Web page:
“Air cargo demand lost momentum towards the end of 2018 in the face of weakening global trade, sagging consumer confidence and geopolitical headwinds,” says Alexandre de Juniac, IATA’s director general and CEO. “Still, demand grew by 3.5 per cent compared to 2017.
“We are cautiously optimistic that demand will grow in the region of 3.7 per cent in 2019. But with the persistence of trade tensions and protectionist actions by some governments there is significant downside risk. Keeping borders open to people and to trade is critical,”de Juniac, adds.
“To attract demand in new market segments, the air cargo industry must improve its value proposition,” the IATA chief urges. “Enabling modern processes with digitalisation will help build a stronger foothold in e-commerce and the transport of time- and temperature-sensitive goods such as pharmaceuticals and perishables,” de Juniac adds.
Airlines in all regions with the exception of Africa reported an annual increase in demand in 2018.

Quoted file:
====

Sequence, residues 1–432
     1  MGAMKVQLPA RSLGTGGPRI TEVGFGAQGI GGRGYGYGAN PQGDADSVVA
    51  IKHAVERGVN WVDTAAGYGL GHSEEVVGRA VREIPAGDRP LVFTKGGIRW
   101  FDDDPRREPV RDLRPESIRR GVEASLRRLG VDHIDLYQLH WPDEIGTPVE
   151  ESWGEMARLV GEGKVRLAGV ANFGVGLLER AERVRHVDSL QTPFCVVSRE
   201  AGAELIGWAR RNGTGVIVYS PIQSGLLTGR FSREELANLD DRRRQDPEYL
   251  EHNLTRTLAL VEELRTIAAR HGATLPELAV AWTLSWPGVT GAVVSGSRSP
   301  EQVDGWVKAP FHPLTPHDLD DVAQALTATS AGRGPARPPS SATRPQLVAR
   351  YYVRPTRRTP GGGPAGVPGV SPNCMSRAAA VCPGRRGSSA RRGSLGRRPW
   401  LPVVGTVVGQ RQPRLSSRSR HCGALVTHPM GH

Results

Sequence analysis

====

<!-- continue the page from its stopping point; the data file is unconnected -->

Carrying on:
Asia-Pacific carriers posted the weakest growth of any region in December 2018 with a decrease in demand of 4.5 per cent compared to the same period a year earlier, while capacity increased by 2.6 per centy. The weaker performance in December contributed to growth in freight demand of only 1.7 per cent in 2018 compared to 2017 while annual capacity growth topped 5.0 per cent.
The weaker performance of Asia-Pacific carriers in 2018 largely reflects a slowing in demand for exports from the region’s major exporters (China, Japan and Korea). Signs of a moderation in economic activity in China and an escalation of trade tensions continue to pose a downside risk to air cargo in Asia-Pacific, IATA says.
North American airlines posted the fastest growth of any region for the seventh consecutive month in December 2018 with an increase in demand of 2.9 per cent compared to the same period a year earlier. Capacity increased by 4.5 per cent which contributed to an annual growth in demand in 2018 of 6.8 per cent, matching the rate of capacity increase. The strength of the US economy and consumer spending have helped support the demand for air cargo over the past year, benefiting US carriers.